Yeah, June, it was really interesting. My character doesn't have that arc where she gets it. You don't get to see her onscreen transform the way that you see Apple transform, Vanessa's character. But I think that's actually, it was actually really great because you see her as being ugly and it gives Apple something to transcend, and I feel like you see June and you see a monster. But I think as you start to see Apple choose something different for herself, because it's just pretty...The trajectory is pretty clear that if she doesn't do something she's easily going to become June and that's what everyone keeps telling her. June tells her herself that, "You are me." So I think it's really amazing when you see her transformation. It was really cool to recognize, which I hadn't really thought about until we were actually filming it and then watching the film later, that our performances are sort of the same. You know what I mean? If I wasn't as ugly and monstrous as I was then we wouldn't see where Apple kind of needed to move away from and I think because you see Apple be able to transform herself and turn around, I think you get to see June in a different light and kind of appreciate that she needs that helping hand as well. So it was really, even though it felt like we were acting at each other the entire time, I think it was actually really complimentary what we were doing and you get to understand both of our characters that much more dynamically because of experiencing their different worlds.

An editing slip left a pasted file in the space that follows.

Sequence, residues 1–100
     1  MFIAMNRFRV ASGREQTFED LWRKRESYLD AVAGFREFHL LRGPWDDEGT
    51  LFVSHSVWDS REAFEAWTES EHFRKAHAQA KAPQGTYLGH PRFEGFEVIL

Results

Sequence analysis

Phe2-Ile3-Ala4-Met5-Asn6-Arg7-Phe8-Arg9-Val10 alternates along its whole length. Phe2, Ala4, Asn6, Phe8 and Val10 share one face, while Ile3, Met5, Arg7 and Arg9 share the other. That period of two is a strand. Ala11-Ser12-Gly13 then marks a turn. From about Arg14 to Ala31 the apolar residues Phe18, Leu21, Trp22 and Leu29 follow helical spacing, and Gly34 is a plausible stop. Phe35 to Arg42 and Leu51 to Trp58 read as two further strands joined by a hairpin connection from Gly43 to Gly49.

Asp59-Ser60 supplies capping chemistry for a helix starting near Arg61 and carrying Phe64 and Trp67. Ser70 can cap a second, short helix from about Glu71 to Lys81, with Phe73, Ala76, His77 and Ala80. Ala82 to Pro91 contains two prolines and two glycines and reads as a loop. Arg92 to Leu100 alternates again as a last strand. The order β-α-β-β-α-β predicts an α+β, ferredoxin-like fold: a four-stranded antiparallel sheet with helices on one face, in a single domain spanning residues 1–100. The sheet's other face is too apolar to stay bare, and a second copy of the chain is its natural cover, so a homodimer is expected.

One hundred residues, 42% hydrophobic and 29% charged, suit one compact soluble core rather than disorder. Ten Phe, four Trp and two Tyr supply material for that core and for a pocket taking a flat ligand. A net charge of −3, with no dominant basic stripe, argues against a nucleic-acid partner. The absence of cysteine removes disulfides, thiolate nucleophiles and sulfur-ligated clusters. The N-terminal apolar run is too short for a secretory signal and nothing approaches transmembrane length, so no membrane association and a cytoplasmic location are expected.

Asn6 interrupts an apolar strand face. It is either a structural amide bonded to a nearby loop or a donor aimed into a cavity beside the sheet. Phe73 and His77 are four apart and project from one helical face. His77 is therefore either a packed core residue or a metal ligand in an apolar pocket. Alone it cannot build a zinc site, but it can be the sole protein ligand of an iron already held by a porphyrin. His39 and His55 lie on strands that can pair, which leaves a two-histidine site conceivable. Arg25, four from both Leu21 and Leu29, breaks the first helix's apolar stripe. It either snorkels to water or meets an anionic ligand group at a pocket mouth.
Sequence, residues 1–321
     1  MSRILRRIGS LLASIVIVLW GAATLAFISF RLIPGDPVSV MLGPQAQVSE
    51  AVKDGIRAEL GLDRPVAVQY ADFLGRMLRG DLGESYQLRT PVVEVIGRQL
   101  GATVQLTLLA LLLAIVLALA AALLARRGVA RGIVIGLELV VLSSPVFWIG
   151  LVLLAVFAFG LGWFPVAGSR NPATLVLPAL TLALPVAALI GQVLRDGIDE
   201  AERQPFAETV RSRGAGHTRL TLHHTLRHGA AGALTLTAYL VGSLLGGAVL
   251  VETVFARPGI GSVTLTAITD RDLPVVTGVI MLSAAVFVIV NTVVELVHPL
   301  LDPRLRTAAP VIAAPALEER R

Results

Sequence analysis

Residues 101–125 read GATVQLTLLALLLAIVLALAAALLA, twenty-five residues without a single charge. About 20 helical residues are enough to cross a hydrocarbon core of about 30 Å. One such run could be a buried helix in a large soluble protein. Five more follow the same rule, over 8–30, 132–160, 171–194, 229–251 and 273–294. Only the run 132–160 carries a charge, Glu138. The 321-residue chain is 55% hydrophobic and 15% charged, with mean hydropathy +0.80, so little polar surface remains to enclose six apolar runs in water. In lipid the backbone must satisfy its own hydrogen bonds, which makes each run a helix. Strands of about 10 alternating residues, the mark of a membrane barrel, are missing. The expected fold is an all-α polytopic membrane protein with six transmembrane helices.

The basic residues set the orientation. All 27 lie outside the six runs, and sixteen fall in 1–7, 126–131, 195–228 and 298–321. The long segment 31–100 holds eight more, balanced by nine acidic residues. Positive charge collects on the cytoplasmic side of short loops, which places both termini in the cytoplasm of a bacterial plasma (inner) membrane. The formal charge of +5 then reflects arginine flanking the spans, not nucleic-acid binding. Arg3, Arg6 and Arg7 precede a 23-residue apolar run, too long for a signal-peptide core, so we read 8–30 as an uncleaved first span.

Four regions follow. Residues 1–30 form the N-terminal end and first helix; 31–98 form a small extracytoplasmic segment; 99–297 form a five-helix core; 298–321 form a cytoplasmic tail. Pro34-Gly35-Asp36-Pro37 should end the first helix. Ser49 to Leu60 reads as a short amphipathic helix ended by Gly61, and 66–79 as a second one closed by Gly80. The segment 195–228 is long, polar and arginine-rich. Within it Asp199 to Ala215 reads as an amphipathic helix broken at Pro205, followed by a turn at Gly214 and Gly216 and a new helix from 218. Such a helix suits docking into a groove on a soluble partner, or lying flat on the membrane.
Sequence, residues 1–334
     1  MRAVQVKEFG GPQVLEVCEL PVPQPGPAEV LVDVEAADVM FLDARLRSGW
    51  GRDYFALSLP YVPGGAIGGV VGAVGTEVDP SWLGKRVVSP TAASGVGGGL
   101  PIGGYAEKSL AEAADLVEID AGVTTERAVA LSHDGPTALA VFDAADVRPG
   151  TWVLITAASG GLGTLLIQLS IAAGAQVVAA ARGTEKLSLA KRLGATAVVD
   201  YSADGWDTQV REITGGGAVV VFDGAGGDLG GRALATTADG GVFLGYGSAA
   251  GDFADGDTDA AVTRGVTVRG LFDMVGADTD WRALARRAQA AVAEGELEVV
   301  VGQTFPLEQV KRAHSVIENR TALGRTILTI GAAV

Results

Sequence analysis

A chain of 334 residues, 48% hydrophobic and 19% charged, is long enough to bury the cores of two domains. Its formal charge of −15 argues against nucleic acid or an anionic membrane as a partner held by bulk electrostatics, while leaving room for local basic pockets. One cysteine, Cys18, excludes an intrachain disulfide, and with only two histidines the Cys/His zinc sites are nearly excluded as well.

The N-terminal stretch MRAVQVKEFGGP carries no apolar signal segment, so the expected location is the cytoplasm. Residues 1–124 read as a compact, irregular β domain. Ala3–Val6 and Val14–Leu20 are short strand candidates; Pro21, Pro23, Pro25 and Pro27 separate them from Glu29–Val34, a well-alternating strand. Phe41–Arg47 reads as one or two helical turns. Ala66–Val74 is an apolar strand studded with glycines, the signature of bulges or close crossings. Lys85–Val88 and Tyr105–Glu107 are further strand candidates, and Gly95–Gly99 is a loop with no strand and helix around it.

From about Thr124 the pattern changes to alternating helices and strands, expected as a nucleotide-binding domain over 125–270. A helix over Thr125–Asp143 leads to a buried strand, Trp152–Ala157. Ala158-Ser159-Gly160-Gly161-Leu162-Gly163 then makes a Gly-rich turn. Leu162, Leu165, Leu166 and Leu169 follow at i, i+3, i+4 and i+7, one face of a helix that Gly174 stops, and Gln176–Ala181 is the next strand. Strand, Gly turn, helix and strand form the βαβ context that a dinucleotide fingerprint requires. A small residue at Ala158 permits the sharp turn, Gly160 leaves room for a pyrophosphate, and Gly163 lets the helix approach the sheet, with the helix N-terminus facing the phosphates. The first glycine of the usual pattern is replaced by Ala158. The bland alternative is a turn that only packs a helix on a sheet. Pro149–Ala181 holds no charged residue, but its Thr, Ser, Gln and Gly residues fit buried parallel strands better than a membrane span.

So that was really fun. I mean I've done, both, you know, Vanessa and I have both played Mimi [from Rent], we've both done films with Harmony [Korine], we've had a lot of similarities in our career. It's been really fun because we've known each other for a long time, but we've never had the chance to work with each other and it was a really fun experience. Unfortunately it wasn't as collaborative as maybe other performances would be because our characters are so antagonistic towards each other, but it ended up, I think, because we have the same sort of sentiment and just like work ethic, it ended up actually being quite collaborative in a sense.
It was a really fun experience I have to say. As horrible as it was, it was really fun.